1972 - Cecil Moore recalls Halley's Comet over Madras; Fishing debates on the Deschutes in 1947 and more


September 14, 1922

At a meeting held Monday afternoon at the offices of the Jefferson Water Conservancy District and largely attended by farmers on the district and businessmen of Madras it was decided to invite the members of the Oregon Irrigation Congress, when they meet next month in Bend, to see the lands of the proposed Jefferson Water Conservancy District. For the transportation of the visitors, automobiles furnished by the people of the district will be supplied.

This plan should work out well. It has been arranged on the program to giving the second day of the Congress over to auto trips through Central Oregon's irrigated districts. With the addition of the cars which will be supplied by Jefferson County citizens the trip can be enhanced by being extended through the largest and most prominent district in the state.

Further details of arrangement could not be made. A.D. Anderson, secretary of the Jefferson Water Conservancy District was delegated to carry the plan to the president and secretary of the Congress, and he went to Bend to confer with them Tuesday.


September 11, 1947

A.R. Bowman, chairman of a committee of the Crook County Chamber of Commerce, during the past week discussed with members of a Madras Chamber of Commerce committee, Joe L. Waud, Joe Joseph and Joe D. Thomison, details of a final and climatic Central Oregon celebration for the summer — a joint celebration between the two cities, to commemorate completion of paving of the new short cut highway between Madras and Prineville.

Bowman stated that he had written H.B. Glaisyer, secretary of the state highway department, seeking participation of State Highway Engineer R.H. Baldock and other officials. Plans also call for participation of T.H. Banfield, president of the state highway commission, who would come here from Portland with Edward C. Sammons.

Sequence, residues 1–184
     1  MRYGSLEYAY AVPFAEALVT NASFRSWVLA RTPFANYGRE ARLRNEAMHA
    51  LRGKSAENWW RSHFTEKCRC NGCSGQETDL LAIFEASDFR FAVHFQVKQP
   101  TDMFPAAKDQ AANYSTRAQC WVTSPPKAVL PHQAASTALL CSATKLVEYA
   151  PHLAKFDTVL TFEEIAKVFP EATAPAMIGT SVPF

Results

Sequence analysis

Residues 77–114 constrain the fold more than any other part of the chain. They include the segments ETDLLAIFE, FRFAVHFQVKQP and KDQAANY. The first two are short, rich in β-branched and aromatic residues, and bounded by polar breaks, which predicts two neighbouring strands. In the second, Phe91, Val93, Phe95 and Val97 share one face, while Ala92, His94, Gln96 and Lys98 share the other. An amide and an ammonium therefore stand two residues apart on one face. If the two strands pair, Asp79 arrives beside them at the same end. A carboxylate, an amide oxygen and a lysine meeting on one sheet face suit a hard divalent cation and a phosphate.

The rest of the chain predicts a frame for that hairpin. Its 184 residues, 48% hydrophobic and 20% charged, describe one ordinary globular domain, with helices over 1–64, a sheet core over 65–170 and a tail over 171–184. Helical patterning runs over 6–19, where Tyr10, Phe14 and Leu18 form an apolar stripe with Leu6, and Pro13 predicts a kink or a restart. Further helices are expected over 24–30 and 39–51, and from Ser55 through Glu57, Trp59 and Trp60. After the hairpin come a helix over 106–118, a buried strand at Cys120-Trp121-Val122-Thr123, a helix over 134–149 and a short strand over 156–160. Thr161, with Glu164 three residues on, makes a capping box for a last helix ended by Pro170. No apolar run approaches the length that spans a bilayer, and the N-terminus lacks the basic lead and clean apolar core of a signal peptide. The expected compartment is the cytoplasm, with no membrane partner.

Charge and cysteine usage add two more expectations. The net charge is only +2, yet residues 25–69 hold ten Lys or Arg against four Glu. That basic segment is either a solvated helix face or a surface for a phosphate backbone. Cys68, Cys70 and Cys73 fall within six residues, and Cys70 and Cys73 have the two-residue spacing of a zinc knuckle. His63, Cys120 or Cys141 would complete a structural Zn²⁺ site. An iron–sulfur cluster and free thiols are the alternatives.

The Prineville Chamber of Commerce committee has asked the Madras folks to meet them at the county line at 11:30 a.m. Tuesday. After the ribbon cutting exercises, all will proceed to the Ochoco Inn, where the Prineville folk will be hosts at a luncheon.

H.G. Smith, construction engineer of the state highway commission, will be present for the ceremony.


As a result of action taken last week by the Wasco County Court, opening of the Deschutes River, which for some time has been available exclusively to members of a Portland organization, to the general field run of anglers has been brought a step nearer. The Wasco court, following a recent hearing at The Dalles has called for inspection by county road viewers of the proposed route, south from Maupin on the east side of the river, and a report from that official body. Further hearings will occur following the submission of the report.

It is proposed to utilize an abandoned railway right of way in opening a road up from Maupin to favored fishing stretches of the great Redside stream. Up to date the exclusive club has prevented anglers from motoring to the fine fishing waters by a locked gate on the only road.

This column wishes to join the newspapers of The Dalles and the members of 11 rod and gun clubs, all the way from The Dalles to Gilchrist, which form the Deschutes River Sportsmen's council, in their campaign to open the Deschutes to all anglers.

The exclusive sportsmen argued at the hearing at The Dalles that their action in closing the old railroad right of way worked for a conservation of the fish of the river. We ask: "For whom?" When the gate is locked, it appears to us, that the conservation works solely for the benefit of the privileged anglers who belong to the exclusive club.

The state fish commission plants young trout in the great fishing stream for all of the anglers of the state and all who may visit the state and become privileged to fish the state's streams when they purchase licenses and abide by laws. The aims of the exclusive club men to perpetuate a long stretch of the Deschutes River for their own privileged use in obnoxious to fair minded folk of the state.


September 14, 1972

Cecil Moore, Bend real estate broker, spent his boyhood in Madras in the early years of this century. Herewith he recalls Halley's comet. The year was 1910.

It was awful to contemplate I was only nine years old and already sizzling death and world destruction inevitably bore down upon me. Sinner and Saved alike were doomed a fiery finish; the only leniency was to have the saved judge first on resurrection day provided the books hadn't been kept in too technical a manner! To think of my pet bull calf would be roasted to a turn with no one to eat it after all my hard work of hoeing weeds to earn it in the first place.

The year was 1910 and Halley's comet was headed for old mother earth almost on collision course. The near miss was to be of no avail because the fiery tail would sweep every spot-on earth. The newspaper said so, or indicated it, in headlines of the same section that carried the funny papers like Little Nemo in the Frozen north, Happy hooligan, the Katzenjammer Kids and other interesting educational impossibilities.